WHILE there is no single factor that can be attributed to the increasing number of uprooted trees and breaking tree limbs in Kuala Lumpur of late, the risks posed to lives and property can be minimised, according to the city’s landscapers.
Kuala Lumpur City Hall (DBKL) Landscape and Recreation Department director Mustafa Mohd Nor said the local authority maintained some 600,000 trees in the capital.
“We planted some 108,000 trees since 2011. Before that we had about 90,000 trees. Another 400,000 are wild but growing in areas under our jurisdiction,” he explained.
He said the department was now preparing a tree inventory, which would take an estimated 15 years to complete.
“Each tree will be marked on a map, along with its GPS coordinate.
“We will measure the physical aspects of the tree and provide its classification. Wherever we can, we will also label it.
“Right now we are into the third year of this process and are confident that we can complete this exercise,” he added.
Mustafa said years of accummulated experience in the field had helped shaped the department’s knowledge in managing the capital’s green assets.
“Before that, one must understand that planting trees in the city comes with certain challenges.
“One such problem is the lack of space for roots to grow, compared to other settings such as a forest. There could be any number of obstructions such as underground structures that we might not see,” he pointed out, adding that given enough space, the roots could grow as wide as three times the size of its canopy.
Mustafa said trees had a lifespan and beyond it, the trees were at a higher risk of falling or breaking apart.
He acknowledged that most of the problems tended to occur between March and June as well as September and November.
“We have a lot of heavy rain and strong winds then. These two factors are triggers for trees toppling over or branches breaking off,” he said.
Meteorological Department corporate and commercial service division officer Phang Kun Liong said wind direction was generally unpredictable during the inter-monsoon months of April to October.
“That can change by the hour whereas the wind direction is steady during monsoon months,” he said.
He said that although in general the wind patterns had remained the same every year, some weather conditions produced above-average wind speed that could cause a lot of damage.
“Heavy rain causes downdraft, which could result in nearby areas experiencing a microburst that can sometimes be quite damaging.
“Wind can also increase in speed when being forced through narrow openings such as between buildings. This is according to the Bernoulli Principle in physics,” he said, adding that wind also carried moisture with it that could weigh down tree boughs.
There have been previous incidences in the Klang Valley that demonstrated the devastating effects of a microburst, one of them being the 2006 afternoon incident in Subang Jaya that many described as a “freak storm” with “violent winds”.
Lasting about 30 minutes, the incident uprooted dozens of trees, toppled over lampposts and billboards as well as blew away roof tiles, leaving behind a scene right out of a disaster movie.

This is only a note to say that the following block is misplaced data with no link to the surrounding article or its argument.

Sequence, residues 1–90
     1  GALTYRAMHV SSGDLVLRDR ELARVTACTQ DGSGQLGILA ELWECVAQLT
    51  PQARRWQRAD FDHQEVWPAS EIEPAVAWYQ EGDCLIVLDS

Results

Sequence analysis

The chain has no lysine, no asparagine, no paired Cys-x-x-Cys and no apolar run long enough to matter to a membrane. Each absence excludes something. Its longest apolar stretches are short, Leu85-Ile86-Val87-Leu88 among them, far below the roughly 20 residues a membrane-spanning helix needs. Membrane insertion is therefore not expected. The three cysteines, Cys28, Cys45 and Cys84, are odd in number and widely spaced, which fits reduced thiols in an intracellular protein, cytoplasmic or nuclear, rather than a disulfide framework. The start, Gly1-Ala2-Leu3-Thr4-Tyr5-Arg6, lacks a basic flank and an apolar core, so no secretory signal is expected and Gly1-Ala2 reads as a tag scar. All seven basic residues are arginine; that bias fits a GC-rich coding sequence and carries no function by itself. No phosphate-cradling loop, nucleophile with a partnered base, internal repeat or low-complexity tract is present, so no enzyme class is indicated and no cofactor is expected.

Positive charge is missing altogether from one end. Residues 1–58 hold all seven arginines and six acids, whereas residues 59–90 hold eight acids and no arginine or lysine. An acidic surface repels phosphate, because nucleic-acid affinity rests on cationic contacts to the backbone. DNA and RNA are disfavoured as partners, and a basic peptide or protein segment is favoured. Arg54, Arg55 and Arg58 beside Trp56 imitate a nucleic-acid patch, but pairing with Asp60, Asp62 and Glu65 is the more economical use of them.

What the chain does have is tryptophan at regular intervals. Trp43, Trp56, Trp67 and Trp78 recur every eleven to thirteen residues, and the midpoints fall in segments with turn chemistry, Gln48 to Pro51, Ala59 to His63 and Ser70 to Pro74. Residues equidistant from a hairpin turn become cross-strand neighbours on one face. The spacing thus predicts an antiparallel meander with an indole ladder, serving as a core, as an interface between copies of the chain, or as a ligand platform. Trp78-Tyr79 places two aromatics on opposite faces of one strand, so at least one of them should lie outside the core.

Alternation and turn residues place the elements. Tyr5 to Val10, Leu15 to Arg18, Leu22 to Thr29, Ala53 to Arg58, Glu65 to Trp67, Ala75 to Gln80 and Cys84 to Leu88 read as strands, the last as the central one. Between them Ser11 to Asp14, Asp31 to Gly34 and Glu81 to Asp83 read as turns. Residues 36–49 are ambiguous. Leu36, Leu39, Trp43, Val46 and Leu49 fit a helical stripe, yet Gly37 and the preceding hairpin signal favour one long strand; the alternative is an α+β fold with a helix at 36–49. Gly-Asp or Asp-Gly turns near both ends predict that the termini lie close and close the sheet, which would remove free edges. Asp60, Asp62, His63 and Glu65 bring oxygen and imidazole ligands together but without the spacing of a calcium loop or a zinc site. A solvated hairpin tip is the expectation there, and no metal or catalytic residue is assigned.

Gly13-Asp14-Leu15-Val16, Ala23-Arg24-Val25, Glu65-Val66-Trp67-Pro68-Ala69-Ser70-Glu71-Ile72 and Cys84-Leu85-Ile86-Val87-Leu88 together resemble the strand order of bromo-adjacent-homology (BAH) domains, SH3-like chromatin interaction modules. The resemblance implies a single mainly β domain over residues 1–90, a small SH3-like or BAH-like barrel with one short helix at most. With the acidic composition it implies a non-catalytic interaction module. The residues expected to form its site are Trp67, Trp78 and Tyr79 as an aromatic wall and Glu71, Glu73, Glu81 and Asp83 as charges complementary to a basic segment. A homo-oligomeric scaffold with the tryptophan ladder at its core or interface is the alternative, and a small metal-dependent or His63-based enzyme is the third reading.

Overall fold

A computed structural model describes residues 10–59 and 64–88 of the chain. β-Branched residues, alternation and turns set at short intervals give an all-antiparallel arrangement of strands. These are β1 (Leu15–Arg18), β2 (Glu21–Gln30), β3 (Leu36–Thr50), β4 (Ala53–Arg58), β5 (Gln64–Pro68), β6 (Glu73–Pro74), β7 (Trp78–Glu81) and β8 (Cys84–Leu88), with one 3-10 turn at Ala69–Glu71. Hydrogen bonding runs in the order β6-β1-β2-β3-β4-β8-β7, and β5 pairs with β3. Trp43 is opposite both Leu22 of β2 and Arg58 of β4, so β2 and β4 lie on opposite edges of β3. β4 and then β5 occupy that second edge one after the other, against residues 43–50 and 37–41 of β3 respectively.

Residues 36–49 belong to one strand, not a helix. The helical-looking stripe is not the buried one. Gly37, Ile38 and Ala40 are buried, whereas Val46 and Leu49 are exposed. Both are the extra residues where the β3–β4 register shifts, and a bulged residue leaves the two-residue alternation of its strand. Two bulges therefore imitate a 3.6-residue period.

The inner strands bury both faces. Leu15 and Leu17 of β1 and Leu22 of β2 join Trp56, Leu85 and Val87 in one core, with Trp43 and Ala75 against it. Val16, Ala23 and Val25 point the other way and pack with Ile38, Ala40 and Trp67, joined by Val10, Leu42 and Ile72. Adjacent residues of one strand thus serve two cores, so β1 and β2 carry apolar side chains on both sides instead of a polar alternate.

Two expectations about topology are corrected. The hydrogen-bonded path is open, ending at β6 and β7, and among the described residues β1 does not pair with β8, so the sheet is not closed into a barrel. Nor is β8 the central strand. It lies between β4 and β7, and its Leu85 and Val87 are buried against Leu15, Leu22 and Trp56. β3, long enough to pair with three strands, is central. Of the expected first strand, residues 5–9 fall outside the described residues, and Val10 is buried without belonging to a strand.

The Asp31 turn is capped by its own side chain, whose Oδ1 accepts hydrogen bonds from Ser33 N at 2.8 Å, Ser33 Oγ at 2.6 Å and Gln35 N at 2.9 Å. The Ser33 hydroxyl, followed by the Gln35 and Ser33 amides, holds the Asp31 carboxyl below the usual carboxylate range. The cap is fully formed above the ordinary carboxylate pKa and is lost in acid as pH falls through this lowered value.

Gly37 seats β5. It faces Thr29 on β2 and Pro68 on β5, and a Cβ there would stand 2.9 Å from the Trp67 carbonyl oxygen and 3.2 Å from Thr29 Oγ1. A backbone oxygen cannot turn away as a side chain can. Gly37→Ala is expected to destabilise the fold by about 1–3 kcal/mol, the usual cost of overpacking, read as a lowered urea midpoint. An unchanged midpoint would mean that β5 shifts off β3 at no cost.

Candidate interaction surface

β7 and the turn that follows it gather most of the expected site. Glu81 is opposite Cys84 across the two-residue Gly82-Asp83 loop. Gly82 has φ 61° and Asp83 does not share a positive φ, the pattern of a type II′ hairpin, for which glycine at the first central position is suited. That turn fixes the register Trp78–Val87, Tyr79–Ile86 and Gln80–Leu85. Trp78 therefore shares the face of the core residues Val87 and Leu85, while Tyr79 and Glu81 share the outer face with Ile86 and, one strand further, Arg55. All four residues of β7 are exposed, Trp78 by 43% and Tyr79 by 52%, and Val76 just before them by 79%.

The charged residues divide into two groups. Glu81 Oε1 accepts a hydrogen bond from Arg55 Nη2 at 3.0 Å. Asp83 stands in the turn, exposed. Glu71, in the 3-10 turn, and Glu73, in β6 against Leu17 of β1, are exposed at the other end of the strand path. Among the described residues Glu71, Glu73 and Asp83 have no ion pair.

Malaysia Arborists Association president Dr Ahmad Ainuddin Nuruddin said trees adapt to the average conditions they grew in, including weather conditions.
“Therefore if there is any extraordinary condition such as a much stronger wind than normal, the tree may not be able to withstand it.
“Trees in an urban setting like Kuala Lumpur face many kinds of stress from pollution, high temperature and other kinds of damage, including vandalism.
“Maintenance, including fertilising, treating diseases and getting rid of pests will help keep a tree healthy and strong.
“Visual inspections are usually sufficient to see if there is anything wrong with a tree,” he added.
Mustafa said the city experienced isolated cases of freak weather every now and then, which generally uprooted or damaged a large number of trees at one go.
One such incident took place in March this year in Taman Tasik Permaisuri, when a total of 200 trees were either damaged or completely uprooted in the park.
The incident happened during heavy storms in the city and ended shortly after. Similar incidences also occurred in Taman Desa and Bukit Damansara.
According to Mustafa, other conditions causing damage to trees in the city include extremely hot weather that results in soil cracks and if it is on a slope area, this causes instability and consequently trees are uprooted during rain.
He said the department now selected trees to be planted based on three aspects, namely shape, shade and strength.
“We know that most fast-growing trees are not strong therefore we avoid those species. We only go for medium-sized trees.
“Apart from that, our mayor Datuk Seri Ahmad Phesal Talib has asked to plant some forest trees in the city,” he said.
Among the common trees planted around the city are merawan siput jantan or cengal kampung, giant crape-myrtle, Ceylon ironwood and pink tecomas.
Mustafa said the Landscape and Recreation Department was discovering that the forest trees were growing much slower in the city because of a lack of competition for sunlight and water.
“In order to encourage its growth, we are experimenting with cluster plantings with other trees.
“We are also encouraging pocket parks, such as the one adopted by Standard Chartered at the corner of Jalan Pinang and Jalan P. Ramlee.
“It is growing very well and is pleasant to walk through, especially during a hot day because the path is cool. The trees are quite easy to maintain as well, small boughs will break off on their own and we just need to occasionally go by to clear them away,” he said.